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I thank the authors for the dedication and attending to the reviewers comments. I would now recommend this manuscript be accepted for publication in PeerJ.
On behalf of the two reviewers, I thank you for your hard work in addressing the initial concerns of this manuscript. The two reviewers and I are happy to accept this paper for publication, pending some very minor comments from reviewer two.
This revision addressed all my concerns.
The authors have corrected most of my concerns with the paper. Some minor comments:
- Abstract: "falsify" - similar to the change you made in the manuscript, I would also remove / change the word "falsify" in the abstract to a something like "does not support"
- Figure 6 is useful for understanding the possible changes - in the text, please note which option (A,B or C) matches your prediction, and which matches the outcome observed in the experiment
The two reviewers and I see much merit in this paper, but have some comments we think will improve the clarity of the paper.
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[# PeerJ Staff Note: Reviewer 1 & 2 each declared a potential Conflict of Interest, and the Editor was aware of this when making their decision #]
The manuscript is well written and the ideas are clearly expressed and developed. The experimental design introduces a mechanism that is able to minimize the contribution of the thumb tangential force in the holding task and induces a chain effect of force adjustment in other fingers. However, the conclusion was mainly driven by the observation of statistically equal normal forces exerted by ring and little fingers when the tangential force of the thumb cannot be translated from the force sensor to the object due to the frictionless interface. It will strengthen the argument if the authors discuss some factors that could contribute to equal finger force production.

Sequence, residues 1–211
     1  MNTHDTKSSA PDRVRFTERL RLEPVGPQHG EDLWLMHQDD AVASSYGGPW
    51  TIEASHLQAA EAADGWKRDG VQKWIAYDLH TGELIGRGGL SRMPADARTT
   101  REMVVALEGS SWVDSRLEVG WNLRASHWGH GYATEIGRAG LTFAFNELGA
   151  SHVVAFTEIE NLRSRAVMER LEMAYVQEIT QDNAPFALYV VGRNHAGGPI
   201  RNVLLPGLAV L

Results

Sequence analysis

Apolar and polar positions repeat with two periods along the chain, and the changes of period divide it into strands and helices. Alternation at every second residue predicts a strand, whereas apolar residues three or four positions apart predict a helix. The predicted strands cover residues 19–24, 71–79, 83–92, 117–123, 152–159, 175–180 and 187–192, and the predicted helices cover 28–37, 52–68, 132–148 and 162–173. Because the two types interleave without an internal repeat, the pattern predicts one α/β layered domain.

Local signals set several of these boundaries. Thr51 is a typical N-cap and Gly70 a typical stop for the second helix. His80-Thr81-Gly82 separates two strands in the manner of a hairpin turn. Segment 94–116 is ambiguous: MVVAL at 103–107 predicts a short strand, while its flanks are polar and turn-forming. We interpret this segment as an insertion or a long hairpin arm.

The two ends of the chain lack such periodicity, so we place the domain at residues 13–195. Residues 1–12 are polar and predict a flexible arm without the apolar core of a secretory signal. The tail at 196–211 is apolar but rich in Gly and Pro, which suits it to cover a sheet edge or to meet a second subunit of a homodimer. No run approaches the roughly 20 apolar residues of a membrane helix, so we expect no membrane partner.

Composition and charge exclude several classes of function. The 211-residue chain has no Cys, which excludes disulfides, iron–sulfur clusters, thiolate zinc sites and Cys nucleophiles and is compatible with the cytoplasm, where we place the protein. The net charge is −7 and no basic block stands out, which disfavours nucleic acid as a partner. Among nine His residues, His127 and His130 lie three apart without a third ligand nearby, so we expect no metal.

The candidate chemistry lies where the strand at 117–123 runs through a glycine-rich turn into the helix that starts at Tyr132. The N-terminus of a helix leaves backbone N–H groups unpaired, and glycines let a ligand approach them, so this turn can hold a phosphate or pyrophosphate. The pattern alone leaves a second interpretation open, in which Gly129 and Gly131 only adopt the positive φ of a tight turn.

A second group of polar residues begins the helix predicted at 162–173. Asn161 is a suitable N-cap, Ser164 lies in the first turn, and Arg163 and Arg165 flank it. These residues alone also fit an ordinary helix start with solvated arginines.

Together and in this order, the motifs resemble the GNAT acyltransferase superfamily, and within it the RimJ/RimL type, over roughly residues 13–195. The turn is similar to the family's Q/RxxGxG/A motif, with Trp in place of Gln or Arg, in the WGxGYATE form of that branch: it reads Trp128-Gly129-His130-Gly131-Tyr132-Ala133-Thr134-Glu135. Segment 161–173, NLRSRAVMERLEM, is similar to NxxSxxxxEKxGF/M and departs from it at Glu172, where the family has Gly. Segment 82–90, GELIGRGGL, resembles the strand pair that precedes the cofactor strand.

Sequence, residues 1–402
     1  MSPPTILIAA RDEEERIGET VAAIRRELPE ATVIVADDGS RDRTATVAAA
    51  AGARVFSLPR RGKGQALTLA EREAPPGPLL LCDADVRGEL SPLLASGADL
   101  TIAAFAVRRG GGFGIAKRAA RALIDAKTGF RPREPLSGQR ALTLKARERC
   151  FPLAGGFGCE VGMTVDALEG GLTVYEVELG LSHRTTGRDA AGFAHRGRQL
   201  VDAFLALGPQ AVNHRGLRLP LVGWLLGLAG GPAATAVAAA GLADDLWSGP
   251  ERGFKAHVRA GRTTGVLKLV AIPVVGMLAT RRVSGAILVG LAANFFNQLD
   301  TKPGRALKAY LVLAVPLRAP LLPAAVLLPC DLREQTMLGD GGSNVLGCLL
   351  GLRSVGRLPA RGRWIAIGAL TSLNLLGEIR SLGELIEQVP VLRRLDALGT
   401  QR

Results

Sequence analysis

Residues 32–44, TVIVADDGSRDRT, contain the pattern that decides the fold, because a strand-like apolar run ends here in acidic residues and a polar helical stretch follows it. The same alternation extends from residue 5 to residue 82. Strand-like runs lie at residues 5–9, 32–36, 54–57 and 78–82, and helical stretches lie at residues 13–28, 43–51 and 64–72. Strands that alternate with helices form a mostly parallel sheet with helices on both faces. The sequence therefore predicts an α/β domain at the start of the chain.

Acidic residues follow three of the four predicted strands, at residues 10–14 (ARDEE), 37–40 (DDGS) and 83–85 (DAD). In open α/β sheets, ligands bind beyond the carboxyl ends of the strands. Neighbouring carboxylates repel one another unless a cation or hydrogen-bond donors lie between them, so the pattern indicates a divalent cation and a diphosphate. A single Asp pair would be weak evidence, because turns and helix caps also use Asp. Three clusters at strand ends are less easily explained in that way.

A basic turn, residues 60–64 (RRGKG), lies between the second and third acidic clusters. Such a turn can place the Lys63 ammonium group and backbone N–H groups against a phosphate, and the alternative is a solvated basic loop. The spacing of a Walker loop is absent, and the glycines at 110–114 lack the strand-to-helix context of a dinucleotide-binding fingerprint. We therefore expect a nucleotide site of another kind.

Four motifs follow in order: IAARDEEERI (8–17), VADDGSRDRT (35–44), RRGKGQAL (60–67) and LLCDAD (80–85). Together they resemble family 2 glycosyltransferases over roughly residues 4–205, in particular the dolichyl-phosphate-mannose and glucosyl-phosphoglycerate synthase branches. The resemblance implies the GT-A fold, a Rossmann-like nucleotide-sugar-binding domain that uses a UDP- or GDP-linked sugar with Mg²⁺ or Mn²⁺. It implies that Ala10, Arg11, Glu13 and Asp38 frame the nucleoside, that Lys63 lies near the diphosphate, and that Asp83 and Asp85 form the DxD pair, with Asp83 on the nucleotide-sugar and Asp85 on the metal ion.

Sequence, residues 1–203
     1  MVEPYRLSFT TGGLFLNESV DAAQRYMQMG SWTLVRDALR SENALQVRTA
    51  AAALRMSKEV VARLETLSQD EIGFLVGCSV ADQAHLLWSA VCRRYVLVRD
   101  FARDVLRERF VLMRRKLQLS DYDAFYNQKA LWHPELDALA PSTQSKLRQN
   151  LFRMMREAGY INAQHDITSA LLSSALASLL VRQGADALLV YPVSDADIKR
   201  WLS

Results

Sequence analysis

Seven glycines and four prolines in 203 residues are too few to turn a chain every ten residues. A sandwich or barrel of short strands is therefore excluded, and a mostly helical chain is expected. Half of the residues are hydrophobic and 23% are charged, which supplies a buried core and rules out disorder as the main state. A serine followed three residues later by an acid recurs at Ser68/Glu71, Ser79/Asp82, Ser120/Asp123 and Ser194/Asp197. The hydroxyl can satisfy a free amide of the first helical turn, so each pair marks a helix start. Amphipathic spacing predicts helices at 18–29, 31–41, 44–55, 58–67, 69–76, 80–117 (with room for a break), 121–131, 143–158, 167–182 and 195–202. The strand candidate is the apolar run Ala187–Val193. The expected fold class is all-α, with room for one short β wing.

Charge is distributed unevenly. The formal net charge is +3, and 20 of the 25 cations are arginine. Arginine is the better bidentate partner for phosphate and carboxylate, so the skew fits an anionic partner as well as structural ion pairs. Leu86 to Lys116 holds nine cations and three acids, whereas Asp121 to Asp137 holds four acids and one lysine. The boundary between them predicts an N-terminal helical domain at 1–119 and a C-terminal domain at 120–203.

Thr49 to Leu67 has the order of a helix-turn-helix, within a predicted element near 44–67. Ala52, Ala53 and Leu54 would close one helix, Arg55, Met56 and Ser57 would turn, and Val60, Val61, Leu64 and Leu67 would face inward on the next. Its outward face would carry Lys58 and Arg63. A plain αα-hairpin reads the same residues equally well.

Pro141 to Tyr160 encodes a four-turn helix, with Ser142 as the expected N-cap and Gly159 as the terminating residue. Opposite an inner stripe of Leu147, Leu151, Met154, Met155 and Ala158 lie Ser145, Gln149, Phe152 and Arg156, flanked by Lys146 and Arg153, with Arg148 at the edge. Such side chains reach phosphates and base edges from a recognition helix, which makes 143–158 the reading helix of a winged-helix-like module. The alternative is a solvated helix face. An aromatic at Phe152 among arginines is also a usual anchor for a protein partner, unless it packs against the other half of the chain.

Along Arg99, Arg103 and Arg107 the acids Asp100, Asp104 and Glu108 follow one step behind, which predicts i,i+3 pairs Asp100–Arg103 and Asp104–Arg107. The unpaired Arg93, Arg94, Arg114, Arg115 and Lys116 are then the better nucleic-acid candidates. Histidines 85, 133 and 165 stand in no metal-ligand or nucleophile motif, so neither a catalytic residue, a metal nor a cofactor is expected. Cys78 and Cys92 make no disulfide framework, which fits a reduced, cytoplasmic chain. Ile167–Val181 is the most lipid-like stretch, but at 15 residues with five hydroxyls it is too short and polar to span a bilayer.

The experiment measures individual finger force distribution in a five-digit grip to hold task under two different conditions. A minor concern is that the safety margin of the thumb in the Free condition violates the definition and cannot be computed since there is no margin of no-slip for a frictionless surface.
Compared to the previous studies, this present paper compares the finger force distribution only among two essentially different objects, i.e. different tasks. Without a comparable mechanical requirement of individual finger force, it is difficult to determine whether a finger is more mechanically advantageous than another finger. In order to falsify the MAH, the authors might want to compare tasks that only scale up or down the mechanical requirements.
In general, this manuscript presents clearly the methods and results with a discussion of a prehension behavior limited to the MAH and safety margin. My suggestion is to include discussion of some other factors, such as finger biomechanical constraints or neural interdependency.